CEDAR RAPIDS — Chemistry is a finicky subject.
A dash of this or changing a bit of that can create a major shift in the result.
Anyone who has hit a golf ball can tell you that it is just as fussy. Even with a heaping helping of heat and humidity, Cedar Rapids Kennedy girls’ golf coach Julie Buerman kept her cool to win the Cedar Rapids Women’s City Amateur.
“The biggest hurdle was probably staying focused in the heat,” said Buerman, who shot a two-day total of 153 (76-77). “It gets really hot on the back nine because there isn’t much breeze out there.”
All told, 14 golfers competed across three divisions. Kim Kieckhaefer (80-82) won the Senior Division and Jane Suiter (93-96) won the Super Senior Division.
Buerman, who doubles as a chemistry teacher at Kennedy, out-dueled some familiar competition en route to winning the Open Division. Former Kennedy golfer Katie Choate (82-79, fourth place), current Linn-Mar golfer Tori Niemeyer (79-75, second place), and Cedar Rapids resident Lynette Seaton (80-79, third place) competed as a foursome in the final round at Ellis Golf Course.
“It’s always a good friendly competition when we get out there,” said Choate. “I know the scores are always going to be close when we play.”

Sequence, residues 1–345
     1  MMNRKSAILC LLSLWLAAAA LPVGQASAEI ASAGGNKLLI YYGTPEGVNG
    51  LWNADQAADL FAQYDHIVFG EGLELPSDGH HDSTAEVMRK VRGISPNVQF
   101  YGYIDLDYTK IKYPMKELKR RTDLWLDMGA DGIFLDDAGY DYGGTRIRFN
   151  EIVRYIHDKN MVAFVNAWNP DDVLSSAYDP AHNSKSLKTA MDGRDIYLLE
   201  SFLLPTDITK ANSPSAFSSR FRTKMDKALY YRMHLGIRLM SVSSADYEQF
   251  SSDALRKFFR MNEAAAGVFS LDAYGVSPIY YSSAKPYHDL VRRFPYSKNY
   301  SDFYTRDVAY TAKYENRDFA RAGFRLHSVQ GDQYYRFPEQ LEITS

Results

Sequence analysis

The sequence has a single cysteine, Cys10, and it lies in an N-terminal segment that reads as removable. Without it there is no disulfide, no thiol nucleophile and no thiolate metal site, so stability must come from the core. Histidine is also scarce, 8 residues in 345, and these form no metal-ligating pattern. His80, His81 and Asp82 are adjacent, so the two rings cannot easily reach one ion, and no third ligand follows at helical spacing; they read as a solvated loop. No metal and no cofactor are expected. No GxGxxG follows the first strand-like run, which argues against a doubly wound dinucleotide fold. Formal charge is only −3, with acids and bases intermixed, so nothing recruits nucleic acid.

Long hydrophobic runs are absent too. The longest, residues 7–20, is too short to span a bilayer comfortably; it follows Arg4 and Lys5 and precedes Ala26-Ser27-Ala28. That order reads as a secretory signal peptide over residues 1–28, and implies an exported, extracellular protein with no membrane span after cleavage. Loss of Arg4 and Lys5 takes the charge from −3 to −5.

Choate competed for Buerman for four years while at Kennedy and made an appearance at the state tournament. Now a freshman at Wartburg, Choate has put many of the lessons learned from Buerman to use for the Knights.
“Just focus on every shot,” said Choate. “It’s going to be different every time. You’re never going to have two of the same shot, so you just have to learn from the last hole and move on.”
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Niemeyer, a senior-to-be at Linn-Mar, felt right at home at Ellis. She trailed Buerman by just three strokes heading into the final round. Saturday, Niemeyer fired a 2-over par to wrap up second place.
“Katie and I used to compete in high school,” said Niemeyer. “And I always see Julie following us with all the coaches. It was just fun to play with her and not have her coaching one of my opponents.”
While Niemeyer was 1-under par for the day after nine holes, a couple of bogeys on the back nine stopped her final-round surge. Buerman, however, was 3-over after the front nine, but finished par or better on six of the final nine holes to win the tournament by one stroke.
“It’s cliché, but it’s just one shot at a time,” said Buerman. “You can’t get mad if you get something wrong, you just have to work through it.
“It’s a long game and a lot of things can change in four or five hours.”